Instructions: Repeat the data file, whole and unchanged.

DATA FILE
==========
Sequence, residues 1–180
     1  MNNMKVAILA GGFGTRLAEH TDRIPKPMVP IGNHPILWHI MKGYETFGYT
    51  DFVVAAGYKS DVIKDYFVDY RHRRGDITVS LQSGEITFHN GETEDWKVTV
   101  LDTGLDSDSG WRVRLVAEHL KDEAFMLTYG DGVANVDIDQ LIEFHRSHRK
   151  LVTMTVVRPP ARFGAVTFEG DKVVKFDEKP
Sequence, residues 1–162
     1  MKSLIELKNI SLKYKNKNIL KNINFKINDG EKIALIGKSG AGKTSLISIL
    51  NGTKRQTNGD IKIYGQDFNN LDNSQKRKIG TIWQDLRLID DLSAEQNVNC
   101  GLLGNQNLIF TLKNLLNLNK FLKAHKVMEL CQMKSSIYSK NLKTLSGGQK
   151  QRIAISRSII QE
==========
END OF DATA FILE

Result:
Sequence, residues 1–180
     1  MNNMKVAILA GGFGTRLAEH TDRIPKPMVP IGNHPILWHI MKGYETFGYT
    51  DFVVAAGYKS DVIKDYFVDY RHRRGDITVS LQSGEITFHN GETEDWKVTV
   101  LDTGLDSDSG WRVRLVAEHL KDEAFMLTYG DGVANVDIDQ LIEFHRSHRK
   151  LVTMTVVRPP ARFGAVTFEG DKVVKFDEKP
Sequence, residues 1–162
     1  MKSLIELKNI SLKYKNKNIL KNINFKINDG EKIALIGKSG AGKTSLISIL
    51  NGTKRQTNGD IKIYGQDFNN LDNSQKRKIG TIWQDLRLID DLSAEQNVNC
   101  GLLGNQNLIF TLKNLLNLNK FLKAHKVMEL CQMKSSIYSK NLKTLSGGQK
   151  QRIAISRSII QE